American Muslims Thrive in the Age of Trump Rhetoric and Hate Crimes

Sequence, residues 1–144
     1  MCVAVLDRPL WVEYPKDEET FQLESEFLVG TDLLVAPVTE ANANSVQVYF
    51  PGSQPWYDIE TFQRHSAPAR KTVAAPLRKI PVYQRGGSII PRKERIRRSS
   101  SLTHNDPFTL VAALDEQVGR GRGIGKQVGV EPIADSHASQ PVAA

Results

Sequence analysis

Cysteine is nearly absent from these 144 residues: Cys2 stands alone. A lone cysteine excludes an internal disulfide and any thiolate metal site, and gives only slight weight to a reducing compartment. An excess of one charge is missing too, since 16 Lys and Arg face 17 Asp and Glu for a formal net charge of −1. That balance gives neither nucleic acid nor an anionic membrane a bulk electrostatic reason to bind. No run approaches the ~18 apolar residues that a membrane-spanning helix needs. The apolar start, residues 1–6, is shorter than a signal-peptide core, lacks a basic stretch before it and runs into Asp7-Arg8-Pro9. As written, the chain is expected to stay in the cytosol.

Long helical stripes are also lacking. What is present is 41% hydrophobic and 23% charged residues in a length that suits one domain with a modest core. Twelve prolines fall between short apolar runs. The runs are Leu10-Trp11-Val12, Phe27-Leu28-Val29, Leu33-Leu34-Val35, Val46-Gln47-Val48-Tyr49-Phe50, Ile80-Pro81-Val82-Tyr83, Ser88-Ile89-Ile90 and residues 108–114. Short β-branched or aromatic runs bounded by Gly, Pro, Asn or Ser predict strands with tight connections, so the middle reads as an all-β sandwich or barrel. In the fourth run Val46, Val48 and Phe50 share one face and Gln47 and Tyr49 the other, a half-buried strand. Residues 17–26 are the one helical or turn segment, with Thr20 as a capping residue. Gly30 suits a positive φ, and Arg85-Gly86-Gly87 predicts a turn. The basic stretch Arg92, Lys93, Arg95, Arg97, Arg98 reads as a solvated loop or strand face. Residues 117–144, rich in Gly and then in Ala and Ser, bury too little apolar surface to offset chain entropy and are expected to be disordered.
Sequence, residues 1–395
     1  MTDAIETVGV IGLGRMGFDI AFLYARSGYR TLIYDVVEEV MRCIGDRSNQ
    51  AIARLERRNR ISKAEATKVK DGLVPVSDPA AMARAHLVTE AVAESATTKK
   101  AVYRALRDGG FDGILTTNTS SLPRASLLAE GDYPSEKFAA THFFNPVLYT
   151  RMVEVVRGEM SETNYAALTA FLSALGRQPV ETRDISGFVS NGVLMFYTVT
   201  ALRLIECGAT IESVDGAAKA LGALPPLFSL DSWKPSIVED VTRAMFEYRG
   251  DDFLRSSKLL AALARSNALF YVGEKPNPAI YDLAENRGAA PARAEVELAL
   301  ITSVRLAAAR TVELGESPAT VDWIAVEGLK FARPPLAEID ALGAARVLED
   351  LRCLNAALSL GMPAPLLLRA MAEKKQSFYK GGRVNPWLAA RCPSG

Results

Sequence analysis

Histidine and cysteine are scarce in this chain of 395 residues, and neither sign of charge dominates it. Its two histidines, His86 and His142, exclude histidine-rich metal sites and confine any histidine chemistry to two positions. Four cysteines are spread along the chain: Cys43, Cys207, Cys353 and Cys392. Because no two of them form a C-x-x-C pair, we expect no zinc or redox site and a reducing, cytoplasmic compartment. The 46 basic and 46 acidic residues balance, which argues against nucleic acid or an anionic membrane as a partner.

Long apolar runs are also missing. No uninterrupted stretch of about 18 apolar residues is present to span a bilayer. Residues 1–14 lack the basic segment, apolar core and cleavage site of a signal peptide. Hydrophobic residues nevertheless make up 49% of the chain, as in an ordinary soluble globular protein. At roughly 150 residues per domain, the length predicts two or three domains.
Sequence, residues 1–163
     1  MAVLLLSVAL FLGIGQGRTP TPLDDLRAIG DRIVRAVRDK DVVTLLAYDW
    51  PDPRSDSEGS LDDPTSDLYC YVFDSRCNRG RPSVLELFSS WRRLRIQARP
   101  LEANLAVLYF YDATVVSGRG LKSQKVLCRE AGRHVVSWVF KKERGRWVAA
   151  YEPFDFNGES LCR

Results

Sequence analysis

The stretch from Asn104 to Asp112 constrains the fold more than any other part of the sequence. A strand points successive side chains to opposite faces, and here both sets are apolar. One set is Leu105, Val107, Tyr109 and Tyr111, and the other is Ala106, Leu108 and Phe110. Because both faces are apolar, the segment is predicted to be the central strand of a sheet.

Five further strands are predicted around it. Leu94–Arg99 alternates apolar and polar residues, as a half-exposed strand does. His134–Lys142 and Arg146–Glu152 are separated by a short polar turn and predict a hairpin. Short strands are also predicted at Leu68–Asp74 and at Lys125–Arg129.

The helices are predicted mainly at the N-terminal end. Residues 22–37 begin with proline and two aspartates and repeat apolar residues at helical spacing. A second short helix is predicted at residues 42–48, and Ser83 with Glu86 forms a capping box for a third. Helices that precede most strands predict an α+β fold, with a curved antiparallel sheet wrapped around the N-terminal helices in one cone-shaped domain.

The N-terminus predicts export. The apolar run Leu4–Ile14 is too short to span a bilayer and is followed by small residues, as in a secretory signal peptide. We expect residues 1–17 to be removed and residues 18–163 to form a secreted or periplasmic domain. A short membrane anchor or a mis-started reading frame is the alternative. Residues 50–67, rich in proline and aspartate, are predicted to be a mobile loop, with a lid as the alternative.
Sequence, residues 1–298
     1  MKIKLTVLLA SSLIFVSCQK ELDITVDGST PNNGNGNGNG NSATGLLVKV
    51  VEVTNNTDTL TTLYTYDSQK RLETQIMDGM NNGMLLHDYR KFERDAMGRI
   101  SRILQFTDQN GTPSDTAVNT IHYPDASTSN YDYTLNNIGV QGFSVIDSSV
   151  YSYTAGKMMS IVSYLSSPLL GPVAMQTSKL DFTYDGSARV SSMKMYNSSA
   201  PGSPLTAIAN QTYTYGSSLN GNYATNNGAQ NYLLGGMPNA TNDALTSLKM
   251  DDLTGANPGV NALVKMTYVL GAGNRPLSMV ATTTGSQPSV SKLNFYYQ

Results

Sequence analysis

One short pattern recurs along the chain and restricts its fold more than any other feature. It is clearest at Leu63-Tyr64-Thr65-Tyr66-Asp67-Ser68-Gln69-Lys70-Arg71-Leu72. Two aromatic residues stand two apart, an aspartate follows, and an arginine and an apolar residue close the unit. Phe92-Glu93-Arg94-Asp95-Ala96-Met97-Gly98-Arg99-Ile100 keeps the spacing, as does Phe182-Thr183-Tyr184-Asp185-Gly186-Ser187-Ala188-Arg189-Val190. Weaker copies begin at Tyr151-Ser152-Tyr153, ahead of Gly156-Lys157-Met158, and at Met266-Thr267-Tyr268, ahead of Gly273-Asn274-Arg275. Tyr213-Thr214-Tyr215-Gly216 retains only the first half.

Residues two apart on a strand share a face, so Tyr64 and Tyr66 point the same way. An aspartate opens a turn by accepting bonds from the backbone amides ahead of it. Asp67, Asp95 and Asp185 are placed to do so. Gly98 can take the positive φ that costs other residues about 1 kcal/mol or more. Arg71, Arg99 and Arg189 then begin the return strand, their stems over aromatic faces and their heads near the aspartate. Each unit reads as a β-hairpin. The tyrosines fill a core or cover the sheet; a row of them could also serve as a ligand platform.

This story appears in the May 2018 issue of National Geographic magazine. This story is part of Diversity in America, a National Geographic series covering racial, ethnic, and religious groups and examining their changing roles in 21st-century life. Tell us your story with #IDefineMe. There was nothing to do but watch as the copper-domed building in the southern Texas oil town of Victoria burned down. The mosque where Abe Ajrami’s Beyoncé-loving daughter was feted with other high school graduates, the mosque where his children went to religion classes, the mosque where he and his family went every Friday to pray and mingle over a potluck of seven-layer dip and spiced biryani, was gone. “I was trying not to break down,” says Ajrami, a Palestinian American who raced to the mosque after getting a phone call in the dead of night. This family reminds me of my own. Born to a poor family in the Gaza Strip, Ajrami studied nursing because it was all he could afford. Any mapping of U.S.
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